Here's how to pay for college this fall
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All you need to know before you hit campus...
With college bills looming, it's time for parents of recent and soon-to-be high school grads to start thinking about how they'll pay up.
It's no small amount to anticipate.
For the 2015-16 academic year, the net price to attend a private nonprofit institution — that's the cost of tuition, fees and room and board, less any scholarships and tax breaks earned — averaged $26,000, according to The College Board. At public four-year colleges, in-state students paid an average net price of $14,120 during that same year, while the bill for in-district students attending a public two-year college averaged $7,230.
Many families don't have much put aside: The average college savings balance is just $10,040, according to a 2015 report from lender Sallie Mae. So they expect to cover the cost using multiple sources, including those savings as well as their current income, loans and gifts from family.
But experts say figuring out which resources to tap into (and in what order and proportion) is no easy feat.
"You're juggling these multiple parameters," said Mark Kantrowitz, vice president of strategy for Cappex.com, a college and scholarship search site.
A wrong move could negatively impact financial aid in future years, result in missed opportunities for tax breaks or generate a bigger-than-necessary loan tab, he said.
Your family's best bet is to plan out a payment strategy that covers all four years — or longer, if you have two or more kids with some overlap in college attendance, said certified financial planner Carina Diamond, the managing director of SS&G Wealth Management in Akron, Ohio. "You need to pace yourself," she said.
Here's what to keep in mind:
If you meet the income limits and other qualifications to claim one of the credits or deductions for college expenses paid, plan for that early on, especially for those first and last tax years where you might only have one semester of expenses.
The IRS doesn't let taxpayers double-dip on breaks. Tuition paid with a tax-advantaged 529 fund or tax-free scholarship, for example, can't also count as tuition paid toward that tax credit, said Kantrowitz. So to get the full $2,500 value of the American Opportunity Tax Credit, someone would need to plan to cover $4,000 in tuition using income, loans and other eligible sources.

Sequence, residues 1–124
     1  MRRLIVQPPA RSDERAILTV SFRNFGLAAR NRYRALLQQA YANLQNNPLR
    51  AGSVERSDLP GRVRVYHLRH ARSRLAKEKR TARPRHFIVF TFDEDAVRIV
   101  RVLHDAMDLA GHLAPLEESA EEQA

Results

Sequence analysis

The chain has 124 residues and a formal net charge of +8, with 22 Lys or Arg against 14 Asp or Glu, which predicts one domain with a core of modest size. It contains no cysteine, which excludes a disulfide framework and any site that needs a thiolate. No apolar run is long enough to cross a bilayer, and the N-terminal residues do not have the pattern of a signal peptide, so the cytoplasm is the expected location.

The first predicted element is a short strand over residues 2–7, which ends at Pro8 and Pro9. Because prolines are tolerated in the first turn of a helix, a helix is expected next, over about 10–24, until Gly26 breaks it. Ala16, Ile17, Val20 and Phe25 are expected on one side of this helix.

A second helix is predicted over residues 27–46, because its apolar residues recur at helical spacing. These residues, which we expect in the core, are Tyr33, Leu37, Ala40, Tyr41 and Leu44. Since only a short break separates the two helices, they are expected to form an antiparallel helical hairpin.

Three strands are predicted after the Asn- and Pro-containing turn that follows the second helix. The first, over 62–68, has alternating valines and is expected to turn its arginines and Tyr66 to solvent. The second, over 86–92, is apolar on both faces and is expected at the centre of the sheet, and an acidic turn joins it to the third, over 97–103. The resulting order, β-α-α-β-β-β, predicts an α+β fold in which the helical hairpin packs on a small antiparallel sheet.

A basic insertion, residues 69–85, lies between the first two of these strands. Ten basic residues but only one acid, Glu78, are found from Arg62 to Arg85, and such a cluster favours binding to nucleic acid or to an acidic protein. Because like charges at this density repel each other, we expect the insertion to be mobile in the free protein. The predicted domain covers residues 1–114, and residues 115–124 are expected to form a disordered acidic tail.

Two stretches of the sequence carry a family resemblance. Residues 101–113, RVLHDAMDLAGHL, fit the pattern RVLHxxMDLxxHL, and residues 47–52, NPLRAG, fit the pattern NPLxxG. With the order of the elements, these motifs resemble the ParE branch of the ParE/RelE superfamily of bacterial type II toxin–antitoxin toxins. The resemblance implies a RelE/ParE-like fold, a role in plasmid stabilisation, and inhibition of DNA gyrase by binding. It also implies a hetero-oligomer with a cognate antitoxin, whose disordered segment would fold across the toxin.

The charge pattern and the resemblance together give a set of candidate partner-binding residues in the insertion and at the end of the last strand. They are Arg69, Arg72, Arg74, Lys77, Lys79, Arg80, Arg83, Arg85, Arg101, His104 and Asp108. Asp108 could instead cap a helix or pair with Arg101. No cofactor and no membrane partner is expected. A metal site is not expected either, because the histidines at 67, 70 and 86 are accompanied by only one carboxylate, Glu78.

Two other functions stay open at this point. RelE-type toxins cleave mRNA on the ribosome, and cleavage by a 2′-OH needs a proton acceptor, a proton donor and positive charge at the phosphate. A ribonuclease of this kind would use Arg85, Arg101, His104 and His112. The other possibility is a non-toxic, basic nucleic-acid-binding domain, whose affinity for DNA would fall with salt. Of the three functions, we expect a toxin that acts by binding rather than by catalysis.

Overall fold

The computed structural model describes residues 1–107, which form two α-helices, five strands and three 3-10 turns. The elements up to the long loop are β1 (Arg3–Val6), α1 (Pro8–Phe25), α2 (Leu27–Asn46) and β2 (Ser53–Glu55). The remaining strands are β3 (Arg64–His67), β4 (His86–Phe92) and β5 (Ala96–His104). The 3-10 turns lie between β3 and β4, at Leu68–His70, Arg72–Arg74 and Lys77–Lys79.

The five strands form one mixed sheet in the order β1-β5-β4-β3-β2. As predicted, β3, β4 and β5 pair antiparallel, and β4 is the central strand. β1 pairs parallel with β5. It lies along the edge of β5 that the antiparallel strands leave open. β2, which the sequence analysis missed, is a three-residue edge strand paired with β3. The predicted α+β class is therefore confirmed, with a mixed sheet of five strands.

"Carve out that first," he said.
Depending on where you live, you might also be able to snag a tax break for contributing to a 529 college savings plan, even if you immediately withdraw those funds to pay for college bills. But check the details: Nearly a dozen states only allow a deduction for contributions exceeding withdrawals, Kantrowitz said.
Consider how much you can comfortably afford to put toward tuition payments each month without compromising other goals such as retirement, said certified financial planner Erin Durkin, director of client planning for EP Wealth Advisors in Torrance, California. Families who were already shelling out for private school or socking away 529 college savings contributions may find the shift easier; others may need to explore budget cuts.
Ask the college about a payment plan to help break up the bill into more manageable monthly installments. The setup fee is typically less than $100, and the balance won't accrue interest, Kantrowitz explained.
"I would recommend that ahead of other borrowing options," Kantrowitz said.
From a financial aid perspective, it can be in your best interest to spend down college savings sooner rather than later, said Diamond. Depending on your income and other elements like the number of kids in college, fewer assets may increase aid eligibility.
The Free Application for Federal Student Aid expects families to use up to 20 percent of assets owned by the student toward college costs, including custodial accounts like a UGMA (Uniform Gifts to Minors Act) or UTMA (Uniform Transfers to Minors Act). There's a 5.64 percent contribution rate for parent-owned assets, which include 529 plans. The formula counts those as a parent asset even if they are in the student's name.
If a grandparent or other relative owns the 529, however, it's better to wait and use those funds in your student's final year, Durkin said.
That gives the funds more time to grow and also avoids a substantial financial aid hit: The FAFSA treats distributions from a grandparent's 529 account as untaxed income to the student on future aid filings, cutting aid by up to 50 percent.
But college savings are another area where it can pay to think long term. If your student is receiving a decent amount of grant money, for example, it may make sense to preserve some of the family's 529 account money for grad school, said Diamond. Or to benefit a younger sibling who may face higher costs. "What are the needs of the other kids?" she said.
Obviously, the less debt incurred, the better, but it can be a mistake to spend down college savings first to delay borrowing to a student's last college years. "You have to look at loans over the four years," said Diamond, and factor in any overlapping years where you'll have two or more kids in college at the same time.
The aim: Even out federal borrowing to avoid you or your student needing to take on more expensive debt.
"Federal student loans are cheaper and better than any private student loans," Kantrowitz said.
But there are caps for each year, and you can't borrow more to make up for loans you didn't take the prior year, he said. A first-year undergrad who is a dependent student, for example, can borrow up to a maximum $5,500 in direct subsidized and direct unsubsidized loans.
A borrowing game plan can also give you a sense of whether other options, like a home equity line of credit, might be more favorable. (Rates there tend to be low, Diamond said, and the interest may be deductible.)
Last Updated July 24, 2018